Southern California can expect a break from January’s rainy start as strong offshore gusts sweep across the region beginning Sunday, forecasters said.
In the Inland Empire and Orange County, the winds will arrive Sunday evening, peak at nighttime, and continue Monday until around 2 p.m., according to NWS meteorologist Elizabeth Schenk, who said the winds will begin as northerly winds and transition to Santa Ana winds early next week.
Please heed the warning. On average, it can take us 3+ hours to reach many common higher hazard/fall areas by foot. (ev) https://t.co/Y3LaxllWiT
— West Valley SAR (@WestValleySAR) January 21, 2023
During this wind event, Orange County’s inland areas, the Santa Ana Mountains and all of the Inland Empire will be under a high wind warning starting at 6 p.m. Sunday and continuing until 2 p.m. Monday, Schenk said.
A High Wind Warning in effect Sunday night through 2 PM Monday for the SBD Mountains and passes, and the Orange County Mountains and Inland Valleys.
A Wind Advisory is in effect for Orange County coastal areas, the Riverside County Mountains, and the Coachella Valley. #cawx pic.twitter.com/fGO18nJ5Rj
— NWS San Diego (@NWSSanDiego) January 21, 2023
For Orange County, some of the strongest winds are likely to appear in communities at the foothills of the Santa Ana Mountains including Rancho Santa Margarita and Mission Viejo where winds of 30-40 mph and gusts from 60-70 mph are forecasted, Schenk said. Northern parts of the Inland Empire, like San Bernardino, Rancho Cucamonga and Ontario, are likely to experience the fastest winds and most powerful gusts, she added.
Meanwhile, the coastal areas and places farther from the mountain range — like Irvine and Laguna Hills — can expect winds around 20-30 mph and 45 mph gusts, according to Schenk. Although those locations are forecasted to have lower wind speeds, they will be under a high wind warning from 10 p.m. Sunday until 2 p.m. Monday, Schenk explained.
By Tuesday, Orange County and the Inland Empire can expect clear skies, sunshine, and some slight warming with temperatures in the low 60s, Schenk said. No rain is forecasted for next week, she added, explaining that conditions will become dry, meaning wildfire risks can be elevated when high winds occur.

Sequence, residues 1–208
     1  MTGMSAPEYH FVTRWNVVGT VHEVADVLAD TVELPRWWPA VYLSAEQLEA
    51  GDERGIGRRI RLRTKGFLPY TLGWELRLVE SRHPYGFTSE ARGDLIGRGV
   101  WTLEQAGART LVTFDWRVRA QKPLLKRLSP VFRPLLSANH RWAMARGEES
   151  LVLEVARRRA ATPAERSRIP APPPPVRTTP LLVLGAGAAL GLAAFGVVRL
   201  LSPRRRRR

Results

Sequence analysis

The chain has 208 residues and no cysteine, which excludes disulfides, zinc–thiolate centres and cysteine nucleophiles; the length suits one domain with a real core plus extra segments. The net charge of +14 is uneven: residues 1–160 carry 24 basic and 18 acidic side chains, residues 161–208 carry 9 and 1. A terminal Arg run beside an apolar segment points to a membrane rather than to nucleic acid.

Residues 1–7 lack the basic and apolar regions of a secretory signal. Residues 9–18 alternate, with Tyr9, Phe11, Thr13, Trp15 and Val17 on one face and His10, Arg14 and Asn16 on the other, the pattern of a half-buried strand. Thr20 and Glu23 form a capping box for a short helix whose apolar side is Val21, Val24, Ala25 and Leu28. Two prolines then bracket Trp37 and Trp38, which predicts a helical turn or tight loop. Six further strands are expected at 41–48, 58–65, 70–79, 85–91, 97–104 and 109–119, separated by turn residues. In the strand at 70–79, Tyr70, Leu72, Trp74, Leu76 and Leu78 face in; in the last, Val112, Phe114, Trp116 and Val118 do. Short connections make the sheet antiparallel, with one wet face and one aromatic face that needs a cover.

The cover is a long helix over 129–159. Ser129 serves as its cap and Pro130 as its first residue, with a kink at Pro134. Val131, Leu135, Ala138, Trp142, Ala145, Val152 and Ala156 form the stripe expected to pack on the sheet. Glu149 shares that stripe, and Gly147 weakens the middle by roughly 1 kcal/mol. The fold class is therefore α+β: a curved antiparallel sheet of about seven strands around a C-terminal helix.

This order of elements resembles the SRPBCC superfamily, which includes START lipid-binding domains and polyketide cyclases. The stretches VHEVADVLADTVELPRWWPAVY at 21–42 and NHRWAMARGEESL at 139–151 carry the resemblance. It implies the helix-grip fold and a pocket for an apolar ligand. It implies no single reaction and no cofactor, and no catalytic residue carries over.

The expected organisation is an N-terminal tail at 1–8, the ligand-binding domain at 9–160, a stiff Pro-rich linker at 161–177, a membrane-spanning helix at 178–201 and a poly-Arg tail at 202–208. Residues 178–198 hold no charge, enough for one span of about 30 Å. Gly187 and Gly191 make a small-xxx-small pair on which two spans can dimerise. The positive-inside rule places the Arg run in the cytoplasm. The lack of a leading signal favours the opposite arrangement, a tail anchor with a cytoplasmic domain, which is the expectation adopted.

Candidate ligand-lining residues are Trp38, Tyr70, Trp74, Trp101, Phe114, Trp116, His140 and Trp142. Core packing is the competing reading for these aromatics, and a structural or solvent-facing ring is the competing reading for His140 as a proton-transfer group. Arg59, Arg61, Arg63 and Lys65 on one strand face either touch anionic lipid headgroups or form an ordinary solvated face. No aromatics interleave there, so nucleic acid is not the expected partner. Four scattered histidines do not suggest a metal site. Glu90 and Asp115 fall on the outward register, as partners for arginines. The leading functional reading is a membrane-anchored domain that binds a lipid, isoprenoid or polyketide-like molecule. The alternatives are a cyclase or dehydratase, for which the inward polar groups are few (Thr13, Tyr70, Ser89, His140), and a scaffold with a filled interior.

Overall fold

“We’ve really transitioned patterns,” Schenk said. “These stronger Santa Ana wind events can be big fire spreaders, but we’ve had a lot of rain so hopefully that tamps down concern a bit. We can’t let our guards down but the amount of rain we’ve had should help.”
In Los Angeles County, the wind event will follow the same timeframe as Orange County and the Inland Empire: Sunday evening lasting into Monday, according to meteorologist Todd Hall. A high wind warning was issued for Los Angeles mountain communities starting 6 p.m. Sunday until 2 p.m. Monday, with gusts possible up to 70 mph.
The Santa Clarita, San Fernando and San Gabriel valleys will see winds around 45 mph and gusts of 50 mph, according to Hall. The LA metro area and coastal cities will see lighter winds likely at or less than 35 mph, he said.
In western parts of the San Fernando Valley, cities like Calabasas and Woodland Hills are likely to be sheltered from the wind, Hall added. In place of strong gusts, those cities are more likely to experience “very cold” temperatures with lows in the lower to mid-30s.
While this week’s wind will be a reprieve from 2023’s rainy start, Hall said January might end with showers around Jan. 30. The exact details of that possible storm weren’t clear, but Hall said the NWS will continue to monitor for the “possibility” of another rainstorm.
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